Petaluma’s days as a roadside attraction
On September 3, 1925, a motor caravan of 40 “cavemen”, dressed in the skins of cougars, panthers and wildcats, set out from Grants Pass, Oregon, to take possession of Petaluma, California. Before leaving, they made sure to book 26 rooms at the Petaluma Hotel – first asking permission to put a grotto in the lobby.
The cavemen were linked to a convention promoting the Redwood Highway, a new automobile route stretching from the Oregon Caves Monument outside of Grants Pass to the Sausalito Waterfront. The name “Redwood Highway” was coined in 1921 by AD Lee, a Crescent City hotelier, who believed the new scenic thoroughfare was too lucrative to be referred to by a simple number. Anyway, in 1926 it would officially become part of US Highway 101.
Lee’s inspiration for the name came from an environmental group called the Save the Redwoods League, which in 1918 mounted a campaign to preserve what remained of California’s ancient redwood groves as state parks.
Conservationists’ Call of the Wild spoke of a new wave of automobility sweeping the country. No longer hampered by miserable roads, the limited speed and endurance of horses pulling wagons and stages, or the inflexible schedule of steam locomotives, motor-savvy Americans set out aboard their “holiday agents » gasoline for road trips in the craziest regions. and most natural places on the continent.
To capitalize on the craze, Lee and a group of fellow entrepreneurs from Del Norte, Humboldt, and Mendocino counties started the Redwood Highway Association. For help convincing other counties to jump on the bandwagon, Lee reached out to fellow “booster extraordinaire” Bert Kerrigan, secretary of the Petaluma Chamber of Commerce.
Known for putting Petaluma on the map as “the world’s egg basket,” Kerrigan specialized in the kind of dazzling stunts that drew newsreel filmmakers to theaters across the country.
Her National Egg Day was full of eye-catching visuals like the Egg Parade, Egg Queen, Egg Ball, Hens and Horses Egg Day Rodeo and a “chicken hunt” on San Francisco’s Market Street accompanied by a biplane dropping chicken feathers affixed with coupons for free Petaluma eggs.
The opportunity to position Petaluma as one of the last civilized outposts before heading into the woods captivated Kerrigan. He set to work convincing Petaluma merchants to be the first to adopt the use of “Redwood Highway” in their advertising, followed by the Sonoma County Board of Trade and the Mayor of San Francisco.
By the time Lee and 150 other members of the Redwood Highway Association gathered at the Petaluma Hotel in 1925, Kerrigan had been shown the door as Petaluma’s trail master, having bled the Chamber of Commerce with his flamboyant waterfalls.
Its legacy on the Redwood Highway, however, lived on in the constant stream of automobiles and “car stages” crossing town on summer weekends, bound for what travel brochures described as “Wonderland most scenic paradise in the world, 100 miles of giant, pristine, pristine, untrammeled redwoods, with streams full of fish and woods full of game.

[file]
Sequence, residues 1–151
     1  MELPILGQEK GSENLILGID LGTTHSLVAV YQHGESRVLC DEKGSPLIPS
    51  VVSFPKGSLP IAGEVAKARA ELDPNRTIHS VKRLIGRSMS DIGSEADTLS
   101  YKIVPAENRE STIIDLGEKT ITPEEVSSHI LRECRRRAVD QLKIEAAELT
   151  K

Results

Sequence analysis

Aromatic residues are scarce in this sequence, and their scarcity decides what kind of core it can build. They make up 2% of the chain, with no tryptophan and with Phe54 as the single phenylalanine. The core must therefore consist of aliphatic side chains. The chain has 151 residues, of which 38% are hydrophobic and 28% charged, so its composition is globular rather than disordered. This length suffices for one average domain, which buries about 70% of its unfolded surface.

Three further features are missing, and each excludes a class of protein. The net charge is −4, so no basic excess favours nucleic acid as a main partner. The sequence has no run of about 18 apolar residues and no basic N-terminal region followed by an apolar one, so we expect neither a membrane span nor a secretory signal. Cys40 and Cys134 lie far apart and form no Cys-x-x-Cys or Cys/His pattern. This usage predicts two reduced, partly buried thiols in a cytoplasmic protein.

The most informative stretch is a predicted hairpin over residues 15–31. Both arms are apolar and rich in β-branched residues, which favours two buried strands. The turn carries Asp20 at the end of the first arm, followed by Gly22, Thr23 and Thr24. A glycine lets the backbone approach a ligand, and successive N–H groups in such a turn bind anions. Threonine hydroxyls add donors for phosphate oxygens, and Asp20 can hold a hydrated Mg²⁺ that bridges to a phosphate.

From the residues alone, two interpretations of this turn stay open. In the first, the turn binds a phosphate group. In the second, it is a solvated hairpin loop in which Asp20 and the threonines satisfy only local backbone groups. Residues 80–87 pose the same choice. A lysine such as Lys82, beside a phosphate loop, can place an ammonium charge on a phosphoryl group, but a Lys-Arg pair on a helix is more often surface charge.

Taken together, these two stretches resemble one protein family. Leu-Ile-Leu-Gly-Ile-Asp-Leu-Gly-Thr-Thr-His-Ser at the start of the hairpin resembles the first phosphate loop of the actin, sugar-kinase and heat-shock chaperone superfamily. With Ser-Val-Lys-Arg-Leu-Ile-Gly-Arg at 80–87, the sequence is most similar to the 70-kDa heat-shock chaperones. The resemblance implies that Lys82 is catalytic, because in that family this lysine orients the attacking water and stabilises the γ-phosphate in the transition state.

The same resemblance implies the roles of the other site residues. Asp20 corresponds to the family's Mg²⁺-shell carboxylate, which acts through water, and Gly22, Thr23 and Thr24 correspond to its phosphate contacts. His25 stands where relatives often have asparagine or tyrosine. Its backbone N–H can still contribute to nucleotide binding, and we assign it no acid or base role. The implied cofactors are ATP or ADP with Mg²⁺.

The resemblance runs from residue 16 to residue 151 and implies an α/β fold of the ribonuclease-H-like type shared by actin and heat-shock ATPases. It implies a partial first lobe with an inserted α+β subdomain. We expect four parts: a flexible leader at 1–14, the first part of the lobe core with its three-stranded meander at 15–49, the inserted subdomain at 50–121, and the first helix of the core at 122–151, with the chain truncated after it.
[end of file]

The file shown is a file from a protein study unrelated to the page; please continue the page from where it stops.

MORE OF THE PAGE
The majority of tourists came from Southern California. This led the Redwood Highway Association to believe it had a chance of moving Interstate 99 – the future Interstate 5 that runs through the Sacramento Valley – as the main trunk between San Francisco and Oregon, and reaping a part of the estimated $2 million ($32 million in today’s dollars) spent on roadside attractions along the way.
Moving on to tourist conquest, they changed their name to Redwood Empire Association.
The keynote speaker at their 1925 convention was Harvey Toy, California State Highway Commissioner. Thanks to a recent two-cent-per-gallon gas tax imposed by the state, Toy informed the group that he had the funds to iron out the problems on the Redwood Freeway, making it a traffic lane. safe and effective.
The association’s treasurer, Santa Rosa banker Frank Doyle, was part of a group advocating the construction of a bridge over the Golden Gate. He informed the group of the impact the bridge is expected to have on tourist traffic to the north. To avoid becoming a bottleneck, Petaluma would have to widen its main street from two to four lanes.
The prospect gave local traders pause. Main Street was not only the city’s main commercial thoroughfare, but the heart of its social connections and celebrations, with expansive 12-foot-wide sidewalks and convenient diagonal parking lanes.
The city had bent over backwards to assimilate the automobile since its arrival in 1903, paving the bumpy cobbles of Main Street with asphalt, converting hitching posts into parking lanes, replacing liveries and stables with garages and service stations. But the reduction in sidewalk widths and the imposition of parallel parking lots to accommodate four lanes of through traffic spelled the end of Main Street.